Chapter # 5 Paragraph # 1 Study # 2
February 10, 2013
2 Behold, I Paul say unto you, that if ye be circumcised, Christ shall profit you nothing.
3 For I testify again to every man that is circumcised, that he is a debtor to do the whole law.
4 Christ is become of no effect unto you, whosoever of you are justified by the law; ye are fallen from grace.
5 For we through the Spirit wait for the hope of righteousness by faith.
6 For in Jesus Christ neither circumcision availeth any thing, nor uncircumcision; but faith which worketh by love.
1901 ASV Translation
2 Behold, I Paul say unto you, that, if ye receive circumcision, Christ will profit you nothing.
3 Yea, I testify again to every man that receiveth circumcision, that he is a debtor to do the whole law.
4 Ye are severed from Christ, ye who would be justified by the law; ye are fallen away from grace.
5 For we through the Spirit by faith wait for the hope of righteousness.
6 For in Christ Jesus neither circumcision availeth anything, nor uncircumcision; but faith working through love.
- I. Paul's "Behold".
- A. He clearly wants to make sure that his "point" is elevated to a position of extraordinary significance.
- 1. The use of "behold" by Paul is rare (only in Romans 2:17 and our text here).
- 2. John is the majority user in the New Testament and his uses indicate a deliberate attempt to push a particular focus of attention.
- B. This type of "forced focus" can only be taken to indicate that Paul is about to write something that simply must be taken seriously.
- II. "I, Paul".
- A. In terms of "needed information", neither the "I", nor the "Paul" is necessary.
- B. This is, again, a deliberate attempt to make as certain as can be that his readers give a lot of careful thought to what he is about to write.
- III. The "Highly Significant Claim".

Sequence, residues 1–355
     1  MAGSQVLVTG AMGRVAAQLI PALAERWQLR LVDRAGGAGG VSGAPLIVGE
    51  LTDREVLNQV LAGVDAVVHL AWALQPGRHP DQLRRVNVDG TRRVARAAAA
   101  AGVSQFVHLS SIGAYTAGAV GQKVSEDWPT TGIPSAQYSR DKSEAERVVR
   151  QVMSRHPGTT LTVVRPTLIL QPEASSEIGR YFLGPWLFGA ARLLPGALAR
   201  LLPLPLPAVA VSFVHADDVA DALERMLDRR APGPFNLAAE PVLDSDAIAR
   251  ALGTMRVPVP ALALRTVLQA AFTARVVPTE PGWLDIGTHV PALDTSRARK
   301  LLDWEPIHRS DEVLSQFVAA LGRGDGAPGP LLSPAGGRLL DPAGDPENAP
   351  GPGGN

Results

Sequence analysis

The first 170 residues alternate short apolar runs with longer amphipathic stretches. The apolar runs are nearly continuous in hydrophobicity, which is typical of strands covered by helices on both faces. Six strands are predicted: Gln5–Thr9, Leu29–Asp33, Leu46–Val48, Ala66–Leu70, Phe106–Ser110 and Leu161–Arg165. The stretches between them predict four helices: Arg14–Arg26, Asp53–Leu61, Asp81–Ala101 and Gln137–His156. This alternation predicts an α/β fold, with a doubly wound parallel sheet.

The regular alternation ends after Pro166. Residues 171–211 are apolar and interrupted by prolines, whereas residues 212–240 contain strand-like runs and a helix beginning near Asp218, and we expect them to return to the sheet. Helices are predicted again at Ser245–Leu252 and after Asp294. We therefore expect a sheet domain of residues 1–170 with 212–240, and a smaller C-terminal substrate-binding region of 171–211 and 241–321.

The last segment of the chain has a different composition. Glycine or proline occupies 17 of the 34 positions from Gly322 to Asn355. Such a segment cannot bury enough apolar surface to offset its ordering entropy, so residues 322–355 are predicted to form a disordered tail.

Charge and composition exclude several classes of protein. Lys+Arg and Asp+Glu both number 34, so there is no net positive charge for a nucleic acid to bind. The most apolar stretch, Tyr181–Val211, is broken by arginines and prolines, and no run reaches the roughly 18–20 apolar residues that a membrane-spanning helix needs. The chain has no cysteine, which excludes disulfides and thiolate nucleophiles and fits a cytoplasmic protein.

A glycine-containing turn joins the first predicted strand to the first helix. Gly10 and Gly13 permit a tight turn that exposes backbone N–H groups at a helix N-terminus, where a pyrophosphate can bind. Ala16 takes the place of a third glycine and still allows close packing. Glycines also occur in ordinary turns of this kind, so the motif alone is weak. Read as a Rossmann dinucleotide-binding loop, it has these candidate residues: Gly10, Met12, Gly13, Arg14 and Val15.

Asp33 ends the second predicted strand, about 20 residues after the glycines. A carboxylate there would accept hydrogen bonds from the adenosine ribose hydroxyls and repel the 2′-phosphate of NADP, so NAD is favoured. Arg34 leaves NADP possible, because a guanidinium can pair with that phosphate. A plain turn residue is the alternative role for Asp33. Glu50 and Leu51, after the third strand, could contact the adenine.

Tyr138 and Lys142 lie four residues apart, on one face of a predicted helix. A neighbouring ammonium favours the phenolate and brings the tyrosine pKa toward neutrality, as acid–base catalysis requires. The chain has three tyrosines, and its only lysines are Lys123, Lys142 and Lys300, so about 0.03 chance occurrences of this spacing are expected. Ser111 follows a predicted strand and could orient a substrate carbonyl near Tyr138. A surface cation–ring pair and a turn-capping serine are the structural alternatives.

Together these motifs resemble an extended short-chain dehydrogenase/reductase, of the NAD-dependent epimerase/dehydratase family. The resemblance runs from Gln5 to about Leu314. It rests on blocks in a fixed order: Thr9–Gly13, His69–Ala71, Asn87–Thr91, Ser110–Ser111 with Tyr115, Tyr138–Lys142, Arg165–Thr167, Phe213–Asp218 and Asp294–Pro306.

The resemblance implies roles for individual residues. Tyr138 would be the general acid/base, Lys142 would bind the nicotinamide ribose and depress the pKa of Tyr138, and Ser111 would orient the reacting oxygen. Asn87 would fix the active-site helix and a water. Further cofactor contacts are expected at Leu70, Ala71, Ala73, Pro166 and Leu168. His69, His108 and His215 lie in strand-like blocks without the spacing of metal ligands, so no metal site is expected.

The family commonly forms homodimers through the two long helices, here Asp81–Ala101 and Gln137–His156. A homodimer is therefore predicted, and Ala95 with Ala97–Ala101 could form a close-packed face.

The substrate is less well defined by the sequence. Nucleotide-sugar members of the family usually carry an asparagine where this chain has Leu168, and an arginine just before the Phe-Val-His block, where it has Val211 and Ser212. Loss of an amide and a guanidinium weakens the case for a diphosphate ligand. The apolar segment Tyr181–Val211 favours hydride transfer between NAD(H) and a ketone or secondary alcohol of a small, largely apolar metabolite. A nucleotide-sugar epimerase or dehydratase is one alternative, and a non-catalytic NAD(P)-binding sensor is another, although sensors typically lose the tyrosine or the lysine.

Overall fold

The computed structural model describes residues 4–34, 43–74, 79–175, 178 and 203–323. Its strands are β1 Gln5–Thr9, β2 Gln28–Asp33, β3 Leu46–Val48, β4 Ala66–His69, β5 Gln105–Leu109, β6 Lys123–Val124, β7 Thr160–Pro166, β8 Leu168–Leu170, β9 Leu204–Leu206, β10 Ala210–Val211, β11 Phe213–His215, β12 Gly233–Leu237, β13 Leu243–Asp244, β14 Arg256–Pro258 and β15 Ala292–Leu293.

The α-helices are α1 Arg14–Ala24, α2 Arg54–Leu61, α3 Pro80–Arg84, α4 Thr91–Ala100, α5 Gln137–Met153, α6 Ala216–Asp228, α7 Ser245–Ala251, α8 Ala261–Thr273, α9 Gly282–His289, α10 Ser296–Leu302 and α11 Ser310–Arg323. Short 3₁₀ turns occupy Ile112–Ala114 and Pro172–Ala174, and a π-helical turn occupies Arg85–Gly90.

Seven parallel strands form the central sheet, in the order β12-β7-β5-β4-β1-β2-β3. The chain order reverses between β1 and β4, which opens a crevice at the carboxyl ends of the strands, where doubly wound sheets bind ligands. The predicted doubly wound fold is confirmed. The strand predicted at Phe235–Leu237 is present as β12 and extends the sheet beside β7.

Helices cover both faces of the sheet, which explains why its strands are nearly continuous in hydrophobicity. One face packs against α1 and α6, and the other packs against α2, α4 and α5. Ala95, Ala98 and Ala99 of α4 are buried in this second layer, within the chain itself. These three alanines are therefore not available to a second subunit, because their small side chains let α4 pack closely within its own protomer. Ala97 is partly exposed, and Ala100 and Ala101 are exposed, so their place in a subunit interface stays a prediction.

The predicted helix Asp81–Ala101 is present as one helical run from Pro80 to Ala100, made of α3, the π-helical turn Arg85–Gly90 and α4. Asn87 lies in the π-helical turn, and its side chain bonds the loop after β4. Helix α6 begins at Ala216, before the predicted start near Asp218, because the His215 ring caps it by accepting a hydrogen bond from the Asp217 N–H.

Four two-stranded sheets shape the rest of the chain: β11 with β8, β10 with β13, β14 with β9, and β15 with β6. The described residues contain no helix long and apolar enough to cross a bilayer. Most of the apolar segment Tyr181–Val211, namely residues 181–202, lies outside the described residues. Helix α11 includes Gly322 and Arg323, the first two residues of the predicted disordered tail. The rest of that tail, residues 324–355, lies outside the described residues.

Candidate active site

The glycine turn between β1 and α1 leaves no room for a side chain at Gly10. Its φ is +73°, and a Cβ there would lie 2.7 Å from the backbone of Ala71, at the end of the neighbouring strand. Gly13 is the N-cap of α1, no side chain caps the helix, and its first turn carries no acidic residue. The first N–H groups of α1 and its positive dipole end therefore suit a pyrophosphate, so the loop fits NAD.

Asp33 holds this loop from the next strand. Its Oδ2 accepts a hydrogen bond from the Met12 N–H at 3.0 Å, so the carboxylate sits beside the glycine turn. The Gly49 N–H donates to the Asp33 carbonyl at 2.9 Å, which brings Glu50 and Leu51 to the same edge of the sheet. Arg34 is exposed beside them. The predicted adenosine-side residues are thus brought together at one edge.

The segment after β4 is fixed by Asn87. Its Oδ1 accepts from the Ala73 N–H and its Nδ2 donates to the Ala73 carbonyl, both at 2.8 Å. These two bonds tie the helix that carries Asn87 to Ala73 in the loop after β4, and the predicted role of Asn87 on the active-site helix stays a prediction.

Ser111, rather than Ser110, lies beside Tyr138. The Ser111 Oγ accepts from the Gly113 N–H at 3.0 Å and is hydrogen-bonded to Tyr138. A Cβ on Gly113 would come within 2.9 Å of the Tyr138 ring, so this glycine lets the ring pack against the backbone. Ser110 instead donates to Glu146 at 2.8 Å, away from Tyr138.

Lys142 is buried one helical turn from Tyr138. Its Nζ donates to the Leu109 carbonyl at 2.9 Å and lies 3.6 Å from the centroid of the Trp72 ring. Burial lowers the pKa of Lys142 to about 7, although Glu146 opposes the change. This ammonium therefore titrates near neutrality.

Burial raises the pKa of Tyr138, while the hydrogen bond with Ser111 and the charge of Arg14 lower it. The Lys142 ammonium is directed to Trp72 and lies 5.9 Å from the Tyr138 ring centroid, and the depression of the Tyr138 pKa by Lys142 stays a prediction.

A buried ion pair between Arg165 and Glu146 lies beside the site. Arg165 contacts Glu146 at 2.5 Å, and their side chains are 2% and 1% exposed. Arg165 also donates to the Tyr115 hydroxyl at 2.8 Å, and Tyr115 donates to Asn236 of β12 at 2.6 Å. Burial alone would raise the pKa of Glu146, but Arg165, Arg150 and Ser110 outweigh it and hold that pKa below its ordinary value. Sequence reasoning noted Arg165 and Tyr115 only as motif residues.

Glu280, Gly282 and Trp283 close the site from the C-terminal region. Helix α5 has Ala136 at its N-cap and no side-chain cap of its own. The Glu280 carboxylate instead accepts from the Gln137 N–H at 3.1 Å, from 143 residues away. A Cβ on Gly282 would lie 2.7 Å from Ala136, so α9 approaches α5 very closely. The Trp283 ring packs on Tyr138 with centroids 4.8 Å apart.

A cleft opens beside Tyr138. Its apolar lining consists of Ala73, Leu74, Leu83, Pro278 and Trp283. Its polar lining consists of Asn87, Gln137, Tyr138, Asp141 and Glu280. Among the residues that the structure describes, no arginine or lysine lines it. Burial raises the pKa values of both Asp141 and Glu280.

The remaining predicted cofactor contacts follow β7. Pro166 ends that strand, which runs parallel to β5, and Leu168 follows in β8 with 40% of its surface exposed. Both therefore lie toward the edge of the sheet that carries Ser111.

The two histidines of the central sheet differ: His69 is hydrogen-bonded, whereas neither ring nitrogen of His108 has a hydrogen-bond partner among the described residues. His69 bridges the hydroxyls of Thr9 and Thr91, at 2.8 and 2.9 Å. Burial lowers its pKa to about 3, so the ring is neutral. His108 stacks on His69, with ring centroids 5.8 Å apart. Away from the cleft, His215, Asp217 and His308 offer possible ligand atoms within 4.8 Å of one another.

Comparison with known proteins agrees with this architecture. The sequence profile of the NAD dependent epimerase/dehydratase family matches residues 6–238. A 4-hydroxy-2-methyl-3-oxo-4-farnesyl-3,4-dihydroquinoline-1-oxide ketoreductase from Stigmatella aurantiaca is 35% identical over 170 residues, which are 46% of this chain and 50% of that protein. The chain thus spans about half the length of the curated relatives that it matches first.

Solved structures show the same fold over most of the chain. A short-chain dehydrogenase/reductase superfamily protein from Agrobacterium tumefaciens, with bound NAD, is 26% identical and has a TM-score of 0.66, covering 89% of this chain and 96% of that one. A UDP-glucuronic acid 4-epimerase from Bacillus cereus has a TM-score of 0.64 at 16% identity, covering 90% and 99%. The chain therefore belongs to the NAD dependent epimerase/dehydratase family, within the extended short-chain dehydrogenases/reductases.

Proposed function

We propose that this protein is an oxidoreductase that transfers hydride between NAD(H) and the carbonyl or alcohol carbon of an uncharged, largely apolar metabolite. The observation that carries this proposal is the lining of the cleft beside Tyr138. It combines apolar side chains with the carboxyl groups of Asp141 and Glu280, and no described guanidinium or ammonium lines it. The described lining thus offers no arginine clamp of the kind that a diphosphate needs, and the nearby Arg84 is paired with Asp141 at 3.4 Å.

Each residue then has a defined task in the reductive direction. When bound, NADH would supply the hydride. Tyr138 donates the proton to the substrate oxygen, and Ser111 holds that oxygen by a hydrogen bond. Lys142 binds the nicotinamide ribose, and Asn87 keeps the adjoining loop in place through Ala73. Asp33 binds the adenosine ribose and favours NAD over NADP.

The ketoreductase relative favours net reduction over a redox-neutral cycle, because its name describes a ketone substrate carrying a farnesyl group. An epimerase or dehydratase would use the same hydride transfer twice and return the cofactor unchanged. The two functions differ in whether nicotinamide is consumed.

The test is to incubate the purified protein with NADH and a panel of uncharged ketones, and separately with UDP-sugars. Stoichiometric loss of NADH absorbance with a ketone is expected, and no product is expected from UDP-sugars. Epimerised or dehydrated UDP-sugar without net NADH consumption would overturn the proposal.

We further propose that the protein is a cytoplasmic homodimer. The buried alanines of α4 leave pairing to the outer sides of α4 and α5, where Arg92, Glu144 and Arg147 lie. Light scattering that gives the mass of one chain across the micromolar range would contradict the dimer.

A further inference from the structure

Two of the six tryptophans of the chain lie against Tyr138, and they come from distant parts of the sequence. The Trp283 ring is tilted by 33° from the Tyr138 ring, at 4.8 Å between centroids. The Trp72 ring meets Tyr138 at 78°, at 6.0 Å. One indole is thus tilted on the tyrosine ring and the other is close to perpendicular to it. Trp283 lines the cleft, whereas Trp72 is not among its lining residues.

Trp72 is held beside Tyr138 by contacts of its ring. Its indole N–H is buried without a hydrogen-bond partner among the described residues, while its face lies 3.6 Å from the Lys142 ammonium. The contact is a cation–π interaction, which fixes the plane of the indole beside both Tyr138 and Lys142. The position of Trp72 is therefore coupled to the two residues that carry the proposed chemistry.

- A. Addresses the submission of a Gentile to the Jewish rite of circumcision.
- 1. There could not be a pronouncement that would carry a greater "shock" value than Paul's attack upon the issue of being circumcised.
- 2. Since Paul's insistence that the Galatians "stand fast in their freedom" is focused upon an attempt by false teachers to compel a commitment to keeping the Mosaic Law, it is a bit odd that he goes after "circumcision" rather than "Sabbath keeping".
- a. The Mosaic Law had a "sign" that was to be indicative of a person's interest in being in submission to it (Exodus 31:13 and 17).
- b. Circumcision was also a "sign", but it was given to Abraham as a "token" of the covenant between God and him (Genesis 17:10-27) at the age of ninety-nine. Since it was "an everlasting covenant" (17:13) and the penalty for violation was "being cut off from his people", it would appear that Paul is focused upon any/every "work" that anyone might put forward as a reason for God to extend blessing.
- 3. Normally, a refusal of circumcision would be taken to be an indication of an unwillingness to be associated with God's covenant with Abraham, but Paul made it abundantly clear in Galatians 3:29 that being "of Abraham's seed" is of utmost importance.
- a. What is going on is that Paul is deliberately tying circumcision to the theology of merit being promoted by the Judaizers.
- b. Paul clearly understood that circumcision was a post-justification imposition by God upon Abraham and his household (Romans 4:10-12) as, what he called, a "seal" of the already possessed righteousness of faith.
- c. What is beyond obvious is that circumcision is not something that anyone "under" its covenantal boundaries could "refuse". It was done by others to babies that were only eight days old. Once established, the practice could only be extended to men who could "refuse" if those men wished to become a part of the covenantal family. Thus, "refusal" was tantamount to "rejecting the covenant of the family", i.e., the Mosaic Law. This boils down to a refusal to become a "Jew", which is Paul's whole point: the Gentiles simply must refuse to become a first century "Jew", or Christ will be of no benefit to them.
- d. Circumcision was for Abraham's household. Thus, for anyone to receive it, they had to want to be of his household. But, Paul has already taught that one can become "of the seed of Abraham" through faith by baptism into Christ, the Seed (3:26-29). Thus, circumcision has been supplanted by the baptism of the Spirit and to return to it would be a major error.
- B. Pointedly declares that "Christ is of no 'profit' to any such person.
- 1. What he means by "profit" is explained in the following verses. He means that Christ will not provide a declaration of righteousness before God ("justification") for anyone who desires to become a first century Jew.
- 2. In Acts 16:3 Paul circumcised Timothy. In our current book of interest, Paul refused to allow Titus to be circumcised (Galatians 2:3). This is not a contradiction. In Timothy's case the issue was avoiding an unnecessary offense; in the case of Titus the issue was avoiding doctrinal error.